New Core Curriculum Launching This Fall

By Jack Leal  

The new Sound Connections core curriculum for fall 2024 is almost here! It’s important to remember that those aligned with the previous bulletins can either stick to their current academic requirements or opt-in to the new 2024-25 core curriculum.

  The new core overview, which can be viewed using the QR code, explains that “the new Core is designed to give you more choices within some broad parameters” and to stop thinking of the “core as a checklist.” These changes are designed to help diversify students’ skills and open them up to a broader range of classes they might be interested in. 

  A pivotal structural change with this new system is that all departments and programs will now be divided into three categories: Arts/Humanities, Social Sciences/History, and Natural Sciences/Mathematics. This blueprint requires students to take at least one class in each division. The overview adds, “Instead of five Approaches courses chosen from a designated list of specific core courses, the new Core has three Divisional requirements, which include any course offered within a division.” 

  These changes align with the goal of maintaining a sense of flexibility for students. Dr. Kristopher Imbrigotta, a German studies professor, played a big part in changing the new curriculum. “Our students with the current core structure have 8 to 12 graduation requirements, which is a lot. With our new core structure, those requirements will go down to around 7 or 8 on average, so students will have much more time in their schedule over 8 semesters to take the classes they want,” Imbrigotta said.

  With fall approaching, there are a couple of things to consider before meeting with your advisor. When switching the bulletin years to 2024-25, see how your other academic requirements may change with the new curriculum. Some classes required for your degrees may be different depending on what year you’re in.

  Sophomores, juniors, and seniors may funnel their original five approaches model into the new three-division blueprint. For incoming freshmen, the two first-year Seminars in Scholarly Inquiry classes (SSI1 and SSI2) are now replaced with a 100-level Connections course (CONN) and a Critical Conversational Seminar (CCS). 

  Students following the old core who have already taken two SSI courses don’t need to complete these new first-year requirements. However, all sophomores, Juniors, and Seniors who switch cores will be required to take an additional CONN course. The extra CONN course was added because of its popularity among faculty and students. “The connections courses are oftentimes interdisciplinary in nature and are some of the most exciting courses to teach as faculty and some of the most exciting courses to take as students,” Imbrigotta said.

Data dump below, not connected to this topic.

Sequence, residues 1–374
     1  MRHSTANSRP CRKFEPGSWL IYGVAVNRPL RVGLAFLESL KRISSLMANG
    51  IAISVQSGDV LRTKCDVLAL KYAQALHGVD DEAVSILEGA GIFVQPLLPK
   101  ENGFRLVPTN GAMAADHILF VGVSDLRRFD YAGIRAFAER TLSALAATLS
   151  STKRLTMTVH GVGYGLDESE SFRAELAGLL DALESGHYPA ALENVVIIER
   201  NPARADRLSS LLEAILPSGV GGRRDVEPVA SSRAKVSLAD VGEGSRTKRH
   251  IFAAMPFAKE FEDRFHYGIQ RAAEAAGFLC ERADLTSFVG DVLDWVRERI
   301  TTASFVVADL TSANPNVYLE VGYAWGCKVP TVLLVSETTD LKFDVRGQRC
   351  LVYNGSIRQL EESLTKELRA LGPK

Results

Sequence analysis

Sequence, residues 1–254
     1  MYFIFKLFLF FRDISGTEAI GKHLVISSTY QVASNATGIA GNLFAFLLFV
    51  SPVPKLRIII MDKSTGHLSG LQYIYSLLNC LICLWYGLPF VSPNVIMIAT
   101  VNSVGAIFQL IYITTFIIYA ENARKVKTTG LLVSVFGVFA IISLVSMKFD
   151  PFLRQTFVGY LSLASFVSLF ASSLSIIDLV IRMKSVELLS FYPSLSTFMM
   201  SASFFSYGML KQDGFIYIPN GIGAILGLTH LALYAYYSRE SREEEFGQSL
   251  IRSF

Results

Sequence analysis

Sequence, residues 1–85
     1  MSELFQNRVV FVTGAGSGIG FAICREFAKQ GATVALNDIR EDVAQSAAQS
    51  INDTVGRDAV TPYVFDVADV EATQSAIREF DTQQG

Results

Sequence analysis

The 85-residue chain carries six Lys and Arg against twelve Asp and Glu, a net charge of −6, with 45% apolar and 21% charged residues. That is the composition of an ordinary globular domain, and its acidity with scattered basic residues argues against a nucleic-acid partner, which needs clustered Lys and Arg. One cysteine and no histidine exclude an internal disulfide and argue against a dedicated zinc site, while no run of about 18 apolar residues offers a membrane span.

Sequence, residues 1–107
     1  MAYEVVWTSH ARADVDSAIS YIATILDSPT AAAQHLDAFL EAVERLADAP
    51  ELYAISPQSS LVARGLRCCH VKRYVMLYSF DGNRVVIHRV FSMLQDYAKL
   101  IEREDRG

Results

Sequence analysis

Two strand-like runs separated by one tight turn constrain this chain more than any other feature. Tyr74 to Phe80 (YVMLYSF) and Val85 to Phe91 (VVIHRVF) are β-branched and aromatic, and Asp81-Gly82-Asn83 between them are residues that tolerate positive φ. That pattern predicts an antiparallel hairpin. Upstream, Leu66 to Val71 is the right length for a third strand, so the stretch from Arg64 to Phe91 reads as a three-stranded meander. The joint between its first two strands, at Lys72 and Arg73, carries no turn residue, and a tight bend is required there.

Language requirements have also changed. Previously, students had to successfully complete two units of a single foreign language (e.g., SPAN 101-102). The new core allows students to take two one-credit language courses of any language offered (e.g., SPAN 101 and FREN 101). Again, this decision aims to add more cohesion to students’ schedules with less rigidity.

  Imbrigotta mentions a situation he had with one of his students, explaining, “this year, one of my students had taken GERM 101, and none of the other sections could fit into his schedule. So he wanted to know if he could take SPAN 101. Without our old core, that wouldn’t count, but with our new core, it would.” 

  The new bulletin also allows heritage learners, students raised in non-English-speaking households, to take only one-course requirement. Additionally, students won’t need to take a language proficiency exam if they have a high school diploma from a school primarily taught in a language other than English. 

  Students who don’t fall into the language categories mentioned above but are still proficient in a language other than English have the option to test out of lower-level courses. Imbrigotta clarifies, “the thought behind this was that if you’re not a heritage learner per se, you’d still benefit from the extra instruction in that language or culture.” Imbrigotta points out that fulfilling that requirement in one swoop wouldn’t be as beneficial for the student. He states, “So instead of stopping at, let’s say, Spanish 201 and say you satisfied it. We’re saying those language courses are in year-long sequences and shouldn’t be taught in isolation.” 

  Lastly, according to Greta Austin, professor of the history of Christianity in the department of religious studies, “the faculty just voted to increase the number of Knowledge, Identity, & Power (KNOW) classes from one to two. Many students already take more than one, but the faculty felt it was important for every student to engage with issues of identity, power, and knowledge production in greater depth and across their college experience.” This decision hasn’t been confirmed yet, and needs to be approved at the May meeting of the Board of Trustees. KNOW courses are offered at every level, where “one course must be at the 300- or 400-level to promote that depth of engagement” Austin added. 

  Although staff especially seem excited about these new provisions from the old bulletin, some students have expressed mixed opinions. Alex Meislich (‘24), a computer science major, believes that consolidating the old core into three divisions isn’t a smart move. “Putting geology, exercise science, computer science, and math all into the same category is a bad idea and probably is setting people up for failure,” he said.  “Lame that people can graduate without taking math. Having a bachelor’s degree but are unable to understand lower division math shouldn’t be a thing”